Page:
Wireless Marine Electronics

Wireless technology provides boaters with new freedoms on the water.

Today, wireless technology is becoming a standard feature on an increasing number of marine electronics devices. These Bluetooth and Wi-Fi systems enable new freedoms on the water, allowing you to enjoy the benefits of having a portable remote control unit just about anywhere you move about your boat.

Manufacturers are capitalizing on wireless technology in imaginative new ways. Wireless operation is being adapted to almost every area of onboard electronics, including navigation, instrumentation, communications and entertainment. Yet, it is with multifunction displays (MFDs) that wireless is having its most significant impact.

Freedom to Roam
For example, Raymarine (raymarine.com) has embedded Wi-Fi and Bluetooth technology into its e- and c-series MFDs. This allows viewing and controlling of a navigation display and virtually every sensor and device connected to it, including GPS, chart plotter, radar, fish finder, engine instrumentation, video cameras, AIS and more, right on a smartphone or tablet. This usually involves downloading the appropriate mobile app to activate the remote feature. The Raymarine Viewer is a free app that replicates the MFD screen on a tablet. Two other apps offer complete operational control of a display from your tablet (RayControl) and your smartphone (RayRemote). These apps are priced at $50 each.

The Navico (navico.com) brands — B&G, Lowrance and Simrad — provide wireless connection and operation with the addition of Navico's GoFree WiFi-1 module ($229). This can be easily connected to any Simrad NSO, NSE or NSS; Lowrance HDS Gen2 and Gen2 Touch; or B&G Zeus displays.

The NavNet TZtouch MFD from Furuno (furunousa.com) operates much like your iPhone or iPad. Download the TZtouch Remote app for free and you can turn your iPad or iPhone into a miniature wireless navigation station that you can take and use throughout the boat.

Garmin (garmin.com) offers the RF wireless remote ($79), which duplicates many of the controls on its 4000/5000/7000 series GPS/chart plotters. The RF wireless mouse (also $79) adds to the ease of operation of the 5000/6000 series of MFDs. The Garmin VHF 200 and VHF 300 radios also can be operated wirelessly with the GHS 20 ($399) walkabout palm-size remote.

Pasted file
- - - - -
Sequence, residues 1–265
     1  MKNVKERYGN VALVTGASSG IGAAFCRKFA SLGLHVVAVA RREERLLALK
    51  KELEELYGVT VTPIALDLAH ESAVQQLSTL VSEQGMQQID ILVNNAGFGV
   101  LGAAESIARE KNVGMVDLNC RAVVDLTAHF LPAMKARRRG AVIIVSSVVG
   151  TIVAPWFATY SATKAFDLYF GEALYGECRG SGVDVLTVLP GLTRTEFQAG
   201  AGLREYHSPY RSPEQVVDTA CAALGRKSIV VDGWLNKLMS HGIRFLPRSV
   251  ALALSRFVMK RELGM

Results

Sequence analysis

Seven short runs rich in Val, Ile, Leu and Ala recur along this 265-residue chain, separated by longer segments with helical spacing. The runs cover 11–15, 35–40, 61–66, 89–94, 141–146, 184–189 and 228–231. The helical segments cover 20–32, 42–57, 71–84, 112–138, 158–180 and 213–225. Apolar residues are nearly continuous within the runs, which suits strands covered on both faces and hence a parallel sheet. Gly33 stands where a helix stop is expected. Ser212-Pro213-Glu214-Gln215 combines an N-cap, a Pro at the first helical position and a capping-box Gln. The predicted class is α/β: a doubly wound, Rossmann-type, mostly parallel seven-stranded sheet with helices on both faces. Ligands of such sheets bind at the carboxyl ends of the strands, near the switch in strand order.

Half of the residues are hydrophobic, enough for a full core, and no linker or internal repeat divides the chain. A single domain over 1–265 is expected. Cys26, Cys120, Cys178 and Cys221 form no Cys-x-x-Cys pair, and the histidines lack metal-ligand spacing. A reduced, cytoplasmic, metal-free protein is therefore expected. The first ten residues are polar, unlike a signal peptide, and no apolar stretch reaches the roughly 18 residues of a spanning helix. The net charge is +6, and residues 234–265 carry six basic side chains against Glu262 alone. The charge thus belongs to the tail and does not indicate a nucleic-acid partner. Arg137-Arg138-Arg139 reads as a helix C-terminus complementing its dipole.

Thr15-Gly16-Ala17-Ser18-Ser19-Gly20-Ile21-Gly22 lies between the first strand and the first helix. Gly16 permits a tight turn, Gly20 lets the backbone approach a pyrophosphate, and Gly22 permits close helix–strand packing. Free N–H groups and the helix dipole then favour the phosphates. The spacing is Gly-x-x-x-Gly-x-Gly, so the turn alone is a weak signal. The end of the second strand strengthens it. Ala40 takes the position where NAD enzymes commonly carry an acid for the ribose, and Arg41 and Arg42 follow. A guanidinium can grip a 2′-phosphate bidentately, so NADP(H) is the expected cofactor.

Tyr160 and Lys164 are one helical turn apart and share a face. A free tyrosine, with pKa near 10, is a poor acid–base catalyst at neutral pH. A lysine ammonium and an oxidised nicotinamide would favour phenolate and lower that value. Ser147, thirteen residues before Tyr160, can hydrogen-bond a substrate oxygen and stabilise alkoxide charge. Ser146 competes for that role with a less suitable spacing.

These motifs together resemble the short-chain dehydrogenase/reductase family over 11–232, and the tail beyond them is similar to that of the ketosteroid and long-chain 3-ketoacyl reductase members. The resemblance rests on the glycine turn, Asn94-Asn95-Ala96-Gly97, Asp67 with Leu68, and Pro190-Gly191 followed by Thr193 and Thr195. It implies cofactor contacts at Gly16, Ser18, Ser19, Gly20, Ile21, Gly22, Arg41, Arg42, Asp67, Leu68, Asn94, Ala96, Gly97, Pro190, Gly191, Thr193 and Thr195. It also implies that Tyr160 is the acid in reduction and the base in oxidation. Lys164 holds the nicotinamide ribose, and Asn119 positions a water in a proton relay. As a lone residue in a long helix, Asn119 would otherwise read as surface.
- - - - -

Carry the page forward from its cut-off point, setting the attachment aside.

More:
Wi-Fi and Internet at Your Fingertips
Standard Horizon (standardhorizon.com) provides multi-media access and connects you with the Internet with its CPN700i ($1,299.99)and CPN1010i ($1,999.99) models. A USB port connects with a wireless or hard-wired keyboard and mouse to let you access email or surf the Internet via Wi-Fi while aboard your boat.

Garmin’s Wi-Fi adapter ($199) creates a wireless gateway connection for Garmin Marine Network products as well as for most mobile Apple devices you carry on board.

Cordless Tunes
Getting up to adjust the volume or change a music selection when comfortably relaxing can be annoying. The MS-IP700 ($449.99) multimedia entertainment center from Fusion (fusionelectronics​.com) with the BT100 or BT200 plug-in Bluetooth adapters ($50 and $80, respectively) lets you see music titles, change tracks, play, skip and stop music and other common media control functions right on your smartphone, tablet or other personal digital device. You can also control the tunes at the helm on select MFDs from Furuno, Raymarine and Simrad that have compatible Fusion software.